Norman Granz' Jazz at the Philharmonic First British Tour 1958 006
Pages 8 and 9 of the programme for Norman Granz's Jazz at the Philharmonic tour of Great Britain. Page 8 features a profile of Stan Getz, with a profile of Coleman Hawkins on page 9.
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T N the history of jazz there have been only a few soloists of whom one -â¢-could say, â He has his own highly personal style.â Stan Getz is one of these rare birds, at which the critic in me breathes a sigh of gratitude, for the truly individual player transforms the task of jazz criticism from impossibility to mere difficulty. I can talk of the â Getz sound â or the â Hawkins approach â and 1 know I will be understood.
Stanâs style, today a matured and finished thing, has been developing steadily for ten years, until today even the assurance of his
work in the â Four Brothers â days may be recognised as a stage long since passed. Getzâs romantic approach to improvisation, the unusually high melodic content of his solos, his firm yet tender tone and his infallible technique are the hallmarks by which he will be remembered when the history of modernism is adequately recorded.
The one time I saw Stan playing on his home ground was in a Newark drinkingclubin February, 1957. He sat on a high stool, his legs tucked under him, instrument held between open knees, and with supreme nonchalance ran through four or five numbers. Then he slid off the stool and chatted at the bar for a while before returning to play some more.
And everything he played had the mannered grace and felicity of one ofthe mosthighly accomplished and sophisticated musicians ever to appear on the jazz scene. This British visit is wonderful opportunity for our jazz public to hear for itself what I heard in Newark.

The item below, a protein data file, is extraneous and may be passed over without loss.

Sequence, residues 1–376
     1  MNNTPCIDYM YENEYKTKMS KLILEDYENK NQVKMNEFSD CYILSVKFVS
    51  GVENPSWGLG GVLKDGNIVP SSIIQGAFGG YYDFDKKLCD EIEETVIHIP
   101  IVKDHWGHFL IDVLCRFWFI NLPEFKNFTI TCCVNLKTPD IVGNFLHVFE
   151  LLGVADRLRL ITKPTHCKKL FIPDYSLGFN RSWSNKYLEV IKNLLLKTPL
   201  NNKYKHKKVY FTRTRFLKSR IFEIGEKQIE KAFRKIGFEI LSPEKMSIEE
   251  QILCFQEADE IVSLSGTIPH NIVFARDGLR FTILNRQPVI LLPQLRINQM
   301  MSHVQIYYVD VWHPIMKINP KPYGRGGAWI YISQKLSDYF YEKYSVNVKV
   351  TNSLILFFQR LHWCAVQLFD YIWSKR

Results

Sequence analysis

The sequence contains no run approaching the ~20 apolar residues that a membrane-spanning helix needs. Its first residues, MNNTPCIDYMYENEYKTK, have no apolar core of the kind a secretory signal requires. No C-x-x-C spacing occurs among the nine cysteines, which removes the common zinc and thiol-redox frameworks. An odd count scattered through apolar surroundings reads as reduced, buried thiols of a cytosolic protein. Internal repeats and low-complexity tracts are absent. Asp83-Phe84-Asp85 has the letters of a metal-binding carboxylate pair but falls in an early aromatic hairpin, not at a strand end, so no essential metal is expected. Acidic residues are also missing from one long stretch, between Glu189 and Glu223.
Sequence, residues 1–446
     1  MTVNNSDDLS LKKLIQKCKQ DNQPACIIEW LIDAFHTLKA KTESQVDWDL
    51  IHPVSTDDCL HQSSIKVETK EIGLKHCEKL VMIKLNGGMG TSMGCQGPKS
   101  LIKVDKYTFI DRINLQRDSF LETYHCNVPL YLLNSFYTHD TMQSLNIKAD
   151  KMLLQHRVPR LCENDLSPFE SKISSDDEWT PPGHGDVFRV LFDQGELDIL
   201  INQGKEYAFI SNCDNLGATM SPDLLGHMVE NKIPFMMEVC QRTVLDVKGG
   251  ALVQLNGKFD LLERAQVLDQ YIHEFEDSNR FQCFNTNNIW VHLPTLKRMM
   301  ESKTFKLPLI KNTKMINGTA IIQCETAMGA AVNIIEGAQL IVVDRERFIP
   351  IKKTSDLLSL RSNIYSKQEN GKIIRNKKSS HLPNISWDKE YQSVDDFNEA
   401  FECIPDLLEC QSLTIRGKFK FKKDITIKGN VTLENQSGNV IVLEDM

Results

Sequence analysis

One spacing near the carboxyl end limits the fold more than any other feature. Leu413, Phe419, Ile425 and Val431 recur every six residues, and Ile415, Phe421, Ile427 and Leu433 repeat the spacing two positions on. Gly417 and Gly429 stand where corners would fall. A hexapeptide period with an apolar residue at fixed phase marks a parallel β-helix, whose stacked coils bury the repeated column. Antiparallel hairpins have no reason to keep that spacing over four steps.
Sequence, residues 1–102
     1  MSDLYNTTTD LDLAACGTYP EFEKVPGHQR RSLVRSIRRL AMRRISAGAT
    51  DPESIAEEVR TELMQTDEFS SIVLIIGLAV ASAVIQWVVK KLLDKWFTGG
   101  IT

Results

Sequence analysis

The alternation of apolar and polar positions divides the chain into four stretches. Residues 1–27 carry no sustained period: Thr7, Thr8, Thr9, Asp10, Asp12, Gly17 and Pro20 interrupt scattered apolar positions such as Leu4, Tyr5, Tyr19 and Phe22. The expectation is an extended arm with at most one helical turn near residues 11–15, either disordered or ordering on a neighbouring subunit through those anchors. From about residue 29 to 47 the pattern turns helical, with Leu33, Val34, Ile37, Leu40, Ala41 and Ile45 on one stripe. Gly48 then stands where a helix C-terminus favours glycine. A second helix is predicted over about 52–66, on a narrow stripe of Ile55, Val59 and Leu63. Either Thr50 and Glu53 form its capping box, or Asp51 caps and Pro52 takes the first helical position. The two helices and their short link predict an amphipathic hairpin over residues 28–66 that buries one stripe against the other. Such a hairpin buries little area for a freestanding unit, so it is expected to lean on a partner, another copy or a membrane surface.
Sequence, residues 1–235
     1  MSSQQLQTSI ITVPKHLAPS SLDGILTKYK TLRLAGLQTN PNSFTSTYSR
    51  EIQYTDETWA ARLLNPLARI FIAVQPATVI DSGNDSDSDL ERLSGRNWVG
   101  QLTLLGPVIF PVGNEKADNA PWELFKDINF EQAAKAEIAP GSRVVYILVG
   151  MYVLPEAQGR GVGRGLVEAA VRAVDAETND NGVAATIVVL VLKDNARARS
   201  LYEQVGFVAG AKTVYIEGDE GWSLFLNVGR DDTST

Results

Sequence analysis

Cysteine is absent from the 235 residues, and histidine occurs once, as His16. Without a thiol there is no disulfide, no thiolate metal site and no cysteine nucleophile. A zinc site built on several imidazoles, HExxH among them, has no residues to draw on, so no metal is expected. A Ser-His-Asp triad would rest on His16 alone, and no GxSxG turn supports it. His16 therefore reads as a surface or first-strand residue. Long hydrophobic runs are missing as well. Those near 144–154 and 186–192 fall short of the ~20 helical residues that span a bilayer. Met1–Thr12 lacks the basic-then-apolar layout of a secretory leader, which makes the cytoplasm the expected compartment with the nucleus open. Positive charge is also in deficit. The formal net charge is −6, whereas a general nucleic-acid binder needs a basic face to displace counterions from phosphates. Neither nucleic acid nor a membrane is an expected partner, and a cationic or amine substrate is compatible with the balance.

AFFECTIONATELY and simplyâ Hawk â to countless admirers, Coleman Hawkins remains the great, enduring genius of the tenor saxophone, as supreme on his instrument as Louis Armstrong on the trumpet. His version of â Body and Soulââhas come to be recognized, like Louisâ earlier â West End Blues,â as a classic and veritable landmark in the jazz story. Like Louis, he created an enormously infl uential style and endowed it with a big, warm tone so perfectly suited to jazz that it has never been excelled.
Yet unlike Louis, Hawk had no instrumental tradition to build upon and no mentors to guide his first steps. When he joined Fletcher Hendersonâs orchestra in 1923, the tenor was not taken very seriously as a solo instrument, but within a few years, and almost single-handed, he had brought about a revolution in the conception of tenor playing.
The extent of his achievement is not always appreciated by a generation whose experience hardly pre-dates the innovations of Charlie Parker, or, at most, those of Lester Young. Yetthemusicians best in a position to judge are very well aware of it. Thus, in Leonard Featherâs recent â Book of Jazz â,
Duke Ellington ended a brief survey of the major saxophone stylists (from Bechet to Bird via Hodges) with this significant statement : â ... Hawk, who I think was the greatest influence and stimulated the greatest change in saxophone style very abruptly.â
And it is an influence, of course, that is still highly potent today.
Whether he is soulfully exploring the possibilities of a pretty ballad, or swinging forcefully on some uptempo number, Hawk is the epitome of the adventurous and professional jazz saxophonist, as you will surely discover at this concert.
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